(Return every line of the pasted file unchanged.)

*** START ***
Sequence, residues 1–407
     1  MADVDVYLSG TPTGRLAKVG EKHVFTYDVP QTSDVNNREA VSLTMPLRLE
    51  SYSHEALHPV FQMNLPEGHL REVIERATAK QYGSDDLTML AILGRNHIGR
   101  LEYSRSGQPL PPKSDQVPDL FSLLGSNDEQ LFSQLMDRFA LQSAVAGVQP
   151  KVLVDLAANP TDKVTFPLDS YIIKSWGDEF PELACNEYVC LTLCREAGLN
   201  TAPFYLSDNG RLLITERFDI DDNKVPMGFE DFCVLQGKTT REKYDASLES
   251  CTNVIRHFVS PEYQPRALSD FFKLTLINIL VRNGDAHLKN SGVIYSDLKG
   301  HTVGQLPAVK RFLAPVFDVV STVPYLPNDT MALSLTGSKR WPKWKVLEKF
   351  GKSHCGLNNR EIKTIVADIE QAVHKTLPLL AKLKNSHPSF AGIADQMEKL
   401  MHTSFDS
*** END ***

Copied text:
Sequence, residues 1–407
     1  MADVDVYLSG TPTGRLAKVG EKHVFTYDVP QTSDVNNREA VSLTMPLRLE
    51  SYSHEALHPV FQMNLPEGHL REVIERATAK QYGSDDLTML AILGRNHIGR
   101  LEYSRSGQPL PPKSDQVPDL FSLLGSNDEQ LFSQLMDRFA LQSAVAGVQP
   151  KVLVDLAANP TDKVTFPLDS YIIKSWGDEF PELACNEYVC LTLCREAGLN
   201  TAPFYLSDNG RLLITERFDI DDNKVPMGFE DFCVLQGKTT REKYDASLES
   251  CTNVIRHFVS PEYQPRALSD FFKLTLINIL VRNGDAHLKN SGVIYSDLKG
   301  HTVGQLPAVK RFLAPVFDVV STVPYLPNDT MALSLTGSKR WPKWKVLEKF
   351  GKSHCGLNNR EIKTIVADIE QAVHKTLPLL AKLKNSHPSF AGIADQMEKL
   401  MHTSFDS